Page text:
Why is it cheap?

-The company is small it has a market cap of $111m.
-While the balance sheet and sales have grown net income dropped off in 2010.
-Shoes are not an exciting industry to be in, they are dull boring and not high tech.
-A depressed outlook for Japan could result in consumers delaying shoe purchases which could hit Asics Trading's sales.
-The company doesn't export as far as I can tell which means they are completely reliant on the Japanese consumer.


To value Asics Trading I wanted to do a sum of the parts analysis.  Here is how the company breaks down:
¥1320  Net current assets
¥416    Property, plant and equipment
¥76.25 FCF

A 10x multiple on the FCF plus cash results in ¥1609 which is 56% higher than the current price.
A sum of the balance sheet results in ¥1736 which is 68% higher than the current price.
Taking the NCAV plus a 5x FCF multiple results in ¥1701 which is 65% higher than the current price.

Buying Asics Trading for ¥1030 gives no credit to the fixed plant or the operating business which throws off ¥76ps in FCF.

-The company's business could deteriorate and begin to impair the margin of safety.
-The company's financial statements are all in Japanese.
-The company could spend the cash pile on an ill conceived acquisition.
-Shoes are a commodity item and Asics Trading is a price taker leaving it vulnerable to larger players in the market.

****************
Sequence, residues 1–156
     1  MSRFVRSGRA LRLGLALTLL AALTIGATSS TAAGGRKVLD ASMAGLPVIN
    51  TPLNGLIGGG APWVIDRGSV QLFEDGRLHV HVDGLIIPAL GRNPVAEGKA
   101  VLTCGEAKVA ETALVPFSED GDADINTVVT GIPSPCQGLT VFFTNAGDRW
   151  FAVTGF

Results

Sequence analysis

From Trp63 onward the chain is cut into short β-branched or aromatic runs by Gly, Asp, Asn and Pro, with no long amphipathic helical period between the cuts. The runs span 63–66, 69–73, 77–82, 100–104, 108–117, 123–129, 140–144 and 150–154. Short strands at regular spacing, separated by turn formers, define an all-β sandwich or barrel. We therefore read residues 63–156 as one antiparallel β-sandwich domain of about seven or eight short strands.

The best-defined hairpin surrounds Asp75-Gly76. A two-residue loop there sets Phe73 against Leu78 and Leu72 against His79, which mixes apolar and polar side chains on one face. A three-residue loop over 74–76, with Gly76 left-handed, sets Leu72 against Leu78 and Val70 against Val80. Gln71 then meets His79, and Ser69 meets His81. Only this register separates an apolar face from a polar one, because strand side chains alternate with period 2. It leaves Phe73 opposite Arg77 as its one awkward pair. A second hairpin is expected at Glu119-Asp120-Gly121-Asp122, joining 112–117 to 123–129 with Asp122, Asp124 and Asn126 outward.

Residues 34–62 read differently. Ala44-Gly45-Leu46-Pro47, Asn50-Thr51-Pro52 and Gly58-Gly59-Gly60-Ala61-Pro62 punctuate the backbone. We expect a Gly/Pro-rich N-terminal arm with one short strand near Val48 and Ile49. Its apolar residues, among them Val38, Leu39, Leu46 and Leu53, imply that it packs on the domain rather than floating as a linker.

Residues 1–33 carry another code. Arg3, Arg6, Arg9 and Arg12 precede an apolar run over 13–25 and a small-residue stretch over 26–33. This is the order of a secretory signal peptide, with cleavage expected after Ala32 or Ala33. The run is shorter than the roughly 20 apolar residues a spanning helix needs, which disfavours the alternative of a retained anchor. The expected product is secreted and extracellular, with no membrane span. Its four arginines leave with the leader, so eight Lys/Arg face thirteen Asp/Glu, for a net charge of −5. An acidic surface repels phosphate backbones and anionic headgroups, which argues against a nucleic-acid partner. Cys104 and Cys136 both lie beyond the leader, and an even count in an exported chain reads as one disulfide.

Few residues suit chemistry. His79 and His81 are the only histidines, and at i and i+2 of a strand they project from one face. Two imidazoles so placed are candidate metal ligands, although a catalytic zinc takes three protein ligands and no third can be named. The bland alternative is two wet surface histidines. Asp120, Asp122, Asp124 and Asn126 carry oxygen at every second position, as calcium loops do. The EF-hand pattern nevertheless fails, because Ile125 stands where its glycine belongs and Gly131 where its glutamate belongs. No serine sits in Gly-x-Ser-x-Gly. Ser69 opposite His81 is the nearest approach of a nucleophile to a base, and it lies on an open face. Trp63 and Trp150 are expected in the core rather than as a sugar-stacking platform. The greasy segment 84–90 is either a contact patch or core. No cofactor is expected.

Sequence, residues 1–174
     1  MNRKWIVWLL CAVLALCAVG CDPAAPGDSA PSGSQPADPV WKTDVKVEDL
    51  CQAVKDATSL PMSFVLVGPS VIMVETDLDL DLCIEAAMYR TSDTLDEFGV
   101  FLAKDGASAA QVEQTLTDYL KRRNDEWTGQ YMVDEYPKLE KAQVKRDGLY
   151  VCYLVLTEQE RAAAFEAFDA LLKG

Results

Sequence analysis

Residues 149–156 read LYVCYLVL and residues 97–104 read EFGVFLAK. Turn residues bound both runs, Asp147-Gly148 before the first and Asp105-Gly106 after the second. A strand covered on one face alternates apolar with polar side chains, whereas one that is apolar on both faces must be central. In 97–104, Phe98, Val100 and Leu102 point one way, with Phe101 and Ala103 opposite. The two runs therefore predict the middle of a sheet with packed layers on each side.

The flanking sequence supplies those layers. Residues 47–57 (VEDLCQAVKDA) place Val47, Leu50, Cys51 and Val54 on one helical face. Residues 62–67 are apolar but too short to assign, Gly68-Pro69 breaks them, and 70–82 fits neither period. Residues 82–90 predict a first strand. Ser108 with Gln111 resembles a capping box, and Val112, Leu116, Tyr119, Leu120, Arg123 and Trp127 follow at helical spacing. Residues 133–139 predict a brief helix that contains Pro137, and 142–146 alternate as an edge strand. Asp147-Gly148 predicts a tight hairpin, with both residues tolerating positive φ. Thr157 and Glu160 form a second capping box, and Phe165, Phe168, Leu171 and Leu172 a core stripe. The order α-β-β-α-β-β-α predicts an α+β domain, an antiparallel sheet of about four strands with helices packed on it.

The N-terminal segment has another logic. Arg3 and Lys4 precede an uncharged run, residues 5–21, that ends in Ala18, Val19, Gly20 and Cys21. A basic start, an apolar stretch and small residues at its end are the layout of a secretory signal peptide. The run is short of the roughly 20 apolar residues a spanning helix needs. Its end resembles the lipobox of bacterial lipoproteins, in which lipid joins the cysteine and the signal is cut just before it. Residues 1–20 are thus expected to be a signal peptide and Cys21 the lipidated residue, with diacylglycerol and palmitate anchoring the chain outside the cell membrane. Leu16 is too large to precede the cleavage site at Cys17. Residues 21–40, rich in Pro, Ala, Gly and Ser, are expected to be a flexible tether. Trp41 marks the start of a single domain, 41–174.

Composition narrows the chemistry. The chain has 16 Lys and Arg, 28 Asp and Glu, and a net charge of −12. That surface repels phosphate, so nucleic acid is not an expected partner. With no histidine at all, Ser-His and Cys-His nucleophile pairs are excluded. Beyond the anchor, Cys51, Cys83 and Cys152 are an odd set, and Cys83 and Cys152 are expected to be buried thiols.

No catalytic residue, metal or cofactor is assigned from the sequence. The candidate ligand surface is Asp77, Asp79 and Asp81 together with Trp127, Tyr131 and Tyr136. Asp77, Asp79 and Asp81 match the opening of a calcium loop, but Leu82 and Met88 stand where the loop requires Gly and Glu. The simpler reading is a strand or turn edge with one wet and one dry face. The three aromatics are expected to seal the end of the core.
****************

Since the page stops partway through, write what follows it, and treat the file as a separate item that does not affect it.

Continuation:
-The quality of the shoes is unknown (note: If anyone has bought or looked at shoes manufactured by Asics Trading I'd love to hear about it.)

Talk to Nate about Asics Trading Co

Disclosure: As of the time of this writing I hold no position in Asics Trading Co.  I am considering a long position and plan to research further.

Full net-net template: Google Docs Version


  1. Hi there Nate,

    Love the sheets you put out there. I like your style of writing and the ideas you come up with. Are you particularly interested in Japanese stocks because of the valuations overall or due to the drops in prices after the nuclear disaster?

    Nice try by the way with the Solitron write up, I think it is a good idea to continuously think about an investment and put it in perspective of the world that constantly changes. I know what you mean with posting at once a big report on a company you're investigating. I'm trying for two weeks now to write a report on $BAMM, I think finally I got to finalize it this week. Do you have any thoughts on BAMM by the way?

    Keep up the good writing! :)

    Best regards,

    Eric Bruntink

  2. Eric,

    Thanks for the compliments I'm glad you appreciate the work.

    What got me interested in Japan is the low valuations, I would prefer to invest in a country that is a bit more shareholder friendly but the prices are so cheap in Japan it can't be ignored.

    I haven't taken a look at BAMM yet, I'll be interested to see your writeup on them. I know they're a book seller but that's about it. Even in a declining industry like book sales if shares are cheap enough I will always consider them.



  3. Asics most definitely do have a presence in Europe. While they wouldn't be as common as Nike or Adidas, you would expect to see them in most shoe stores.

  4. Hi Nate,

    Thank you for this post.
    I would like to share some info on geographic contribution, as of financial year ended March 2010.

    Japan 41.58%
    Europe 24.44%
    US 23.64%
    Rest of the world 10.35%

    Operating income:
    Europe 44.94%
    Japan 26.53%
    US 17.53%
    Rest of the world 11%

    It is interesting that profit margins are higher in Europe than Japan.